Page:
So now you are asking, “What I should do instead of pulling my hair out?” Easy.
Step one: Put that book and pencil down. Yes, you heard me right, put it down.
Step two: Go outside by yourself or with a friend, grab a Frisbee or any sport ball and just play. Or go on a walk to refresh your mind.
Step three: Cook yourself dinner, and no, mac-and-cheese or ramen noodles don’t count. Create a meal with chicken, tuna, or if you’re a vegetarian go for a fresh salad with fresh produce and nuts added to it. We all seem to think snacks will get us through the day, but you’re only losing energy by not satisfying your hunger.
Understanding that we all may not have enough time to make that meal, we still have to remember to check our health and listen to what our body is telling us.
Good luck to everyone on midterms and finals!
I got a chance to catch up with two of my very good friends on the Portland State football team after one of their practices before they defeated University of North Dakota. These two gentlemen, junior Vincent Johnson (left) and senior Bryant Long (right), took time out to answer some questions from me. In this interview we go over everything from their respective recruiting trips to their brotherhood in Omega Psi Phi Fraternity. See these guys on the field for our last home game of the season against Sacramento State University at 1:05 p.m. Saturday, Nov. 16, at Jeld-Wen Field. Are there any other athletes or student leaders you would like to see in a future interview? GO VIKS!
Did you enjoy the “All Major Career & Internship Fair” at the Smith Memorial Student Union last Tuesday? With representatives from more than 60 organizations, including those from private industry, government and non-profits, it was a perfect opportunity to start the search for that elusive job and get to know the various opportunities out there. Some of the popular companies who made their presence felt at the fair were Boeing, Blount International, Cambia Health Solutions, and Hershey Company.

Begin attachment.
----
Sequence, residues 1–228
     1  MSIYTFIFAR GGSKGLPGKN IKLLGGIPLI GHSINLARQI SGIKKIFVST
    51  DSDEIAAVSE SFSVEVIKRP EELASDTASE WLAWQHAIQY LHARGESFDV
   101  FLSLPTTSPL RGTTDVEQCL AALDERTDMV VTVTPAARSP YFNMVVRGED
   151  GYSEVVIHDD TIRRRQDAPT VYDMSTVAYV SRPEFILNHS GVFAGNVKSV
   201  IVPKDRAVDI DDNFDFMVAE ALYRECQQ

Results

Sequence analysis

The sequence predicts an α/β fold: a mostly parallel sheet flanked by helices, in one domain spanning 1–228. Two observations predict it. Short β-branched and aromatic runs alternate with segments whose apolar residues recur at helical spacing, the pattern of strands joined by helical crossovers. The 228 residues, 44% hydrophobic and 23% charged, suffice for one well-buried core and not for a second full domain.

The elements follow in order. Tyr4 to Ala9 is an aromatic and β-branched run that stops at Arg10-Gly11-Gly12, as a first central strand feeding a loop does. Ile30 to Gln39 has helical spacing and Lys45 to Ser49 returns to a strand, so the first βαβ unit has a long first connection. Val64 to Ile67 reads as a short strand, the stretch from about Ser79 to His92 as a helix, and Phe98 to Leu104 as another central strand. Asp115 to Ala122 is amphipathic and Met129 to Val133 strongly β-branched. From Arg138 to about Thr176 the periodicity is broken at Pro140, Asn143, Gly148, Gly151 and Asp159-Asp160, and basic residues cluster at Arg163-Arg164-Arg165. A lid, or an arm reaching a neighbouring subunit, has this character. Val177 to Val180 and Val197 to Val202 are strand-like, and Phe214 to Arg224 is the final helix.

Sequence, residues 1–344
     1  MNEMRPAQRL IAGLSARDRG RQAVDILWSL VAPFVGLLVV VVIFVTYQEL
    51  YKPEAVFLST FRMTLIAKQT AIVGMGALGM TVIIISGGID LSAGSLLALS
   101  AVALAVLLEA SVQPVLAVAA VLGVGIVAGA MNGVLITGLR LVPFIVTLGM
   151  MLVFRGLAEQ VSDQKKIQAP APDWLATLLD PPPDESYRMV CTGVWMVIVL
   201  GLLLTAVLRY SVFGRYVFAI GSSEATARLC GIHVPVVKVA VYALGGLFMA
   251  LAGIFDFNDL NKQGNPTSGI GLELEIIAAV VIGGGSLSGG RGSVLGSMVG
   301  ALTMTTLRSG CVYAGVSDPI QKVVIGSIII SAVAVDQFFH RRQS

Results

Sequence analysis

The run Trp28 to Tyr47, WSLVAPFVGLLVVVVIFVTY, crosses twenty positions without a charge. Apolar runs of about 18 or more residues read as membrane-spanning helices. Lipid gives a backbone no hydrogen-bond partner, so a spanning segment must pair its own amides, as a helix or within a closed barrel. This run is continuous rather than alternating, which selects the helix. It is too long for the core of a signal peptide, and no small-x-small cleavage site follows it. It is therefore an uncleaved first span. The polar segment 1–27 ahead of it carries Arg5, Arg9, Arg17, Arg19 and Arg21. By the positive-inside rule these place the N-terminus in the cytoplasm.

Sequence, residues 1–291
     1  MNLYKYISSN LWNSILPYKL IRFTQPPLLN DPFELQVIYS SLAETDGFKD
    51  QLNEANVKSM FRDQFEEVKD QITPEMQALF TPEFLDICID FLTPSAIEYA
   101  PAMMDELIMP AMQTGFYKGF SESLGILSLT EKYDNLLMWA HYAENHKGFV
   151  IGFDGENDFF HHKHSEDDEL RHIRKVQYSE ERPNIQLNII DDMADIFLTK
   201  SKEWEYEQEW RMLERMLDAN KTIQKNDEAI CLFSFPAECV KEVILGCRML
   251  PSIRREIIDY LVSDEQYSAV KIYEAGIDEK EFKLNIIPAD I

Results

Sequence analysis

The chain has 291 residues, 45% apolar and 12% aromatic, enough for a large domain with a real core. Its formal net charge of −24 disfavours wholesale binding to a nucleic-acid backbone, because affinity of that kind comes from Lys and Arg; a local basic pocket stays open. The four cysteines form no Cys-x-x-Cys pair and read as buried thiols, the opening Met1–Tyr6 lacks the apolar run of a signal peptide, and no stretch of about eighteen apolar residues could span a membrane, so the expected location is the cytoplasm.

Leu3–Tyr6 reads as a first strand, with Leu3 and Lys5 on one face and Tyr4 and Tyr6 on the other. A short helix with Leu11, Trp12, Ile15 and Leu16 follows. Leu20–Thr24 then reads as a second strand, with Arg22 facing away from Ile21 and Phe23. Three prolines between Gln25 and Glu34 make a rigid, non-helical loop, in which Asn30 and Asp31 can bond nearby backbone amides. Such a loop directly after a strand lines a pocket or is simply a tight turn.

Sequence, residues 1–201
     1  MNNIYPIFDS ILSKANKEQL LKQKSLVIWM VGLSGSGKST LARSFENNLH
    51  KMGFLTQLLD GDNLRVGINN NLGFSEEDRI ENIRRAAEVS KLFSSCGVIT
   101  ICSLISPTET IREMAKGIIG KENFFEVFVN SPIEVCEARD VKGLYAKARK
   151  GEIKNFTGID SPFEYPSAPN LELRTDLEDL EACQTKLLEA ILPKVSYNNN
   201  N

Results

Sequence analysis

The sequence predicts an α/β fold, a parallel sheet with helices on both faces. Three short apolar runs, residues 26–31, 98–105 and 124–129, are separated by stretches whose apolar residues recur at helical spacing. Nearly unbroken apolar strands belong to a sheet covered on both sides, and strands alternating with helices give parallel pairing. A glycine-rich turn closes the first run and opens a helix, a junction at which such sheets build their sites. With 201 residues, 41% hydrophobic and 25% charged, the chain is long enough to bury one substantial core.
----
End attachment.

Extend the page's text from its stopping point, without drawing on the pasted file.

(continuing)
An elevator pitch is an important element of the career fair for which the students need to train in advance. If you are wondering what an elevator pitch is – it is a one sentence, succinct description of what you bring to the table, and how you are a good fit for the company. This may essentially compel a company to immediately take note of and get interested in you. It was good to see students practicing their elevator pitches outside the ballroom while getting ready to impress employers.
Apart from the employers, there were representatives from Portland State University (School of Education, Business graduate programs office) to help students chose companies based on their skill sets. This was definitely the first chance to take a shot at an internship for next summer or for full-time careers for graduating students. Hope you all made good use of the event. And in case you missed it, there are a couple more career fairs to look out for – The Nonprofit 2013 career fair on the 7th of November and Northwest Career fair on the 18th of November. For more details see https://portland.experience.com/stu/cf_list?aff=12627
I’m still not sure I am equipped to handle the stress that comes with graduate school. When people said it would be hard, I laughed at them. I never had to read assignments in undergrad, and writing papers was easy.
If you are thinking about grad school you should just know that the reading is ridiculous; hundreds of pages per week. The papers are long. I scoff at anything in the single digits now. Stress will eat you for dinner, and it will eat your other grad school friends for dessert. Time management is a must, and the funny thing is that it used to be a skill of mine UNTIL I started grad school. Not to mention I work two jobs so I can stay alive, AND I have a dog. You might think you are immune to grad school, but trust me, you aren’t; at times it is just plain rough.
I know that in the end it will all be worth it and I am already half way through, but some days it just feels like for every bit of progress I make, every time I get to the top of that hill, someone is standing at the stop waiting to shove me back down.
Sometimes you just have to allow yourself to feel like an idiot, to be stressed and bummed, to cry your eyes out over the injustices YOU signed up for, and then give yourself a pep talk and get back to it.
Speaking of pep talks, this always makes me feel better: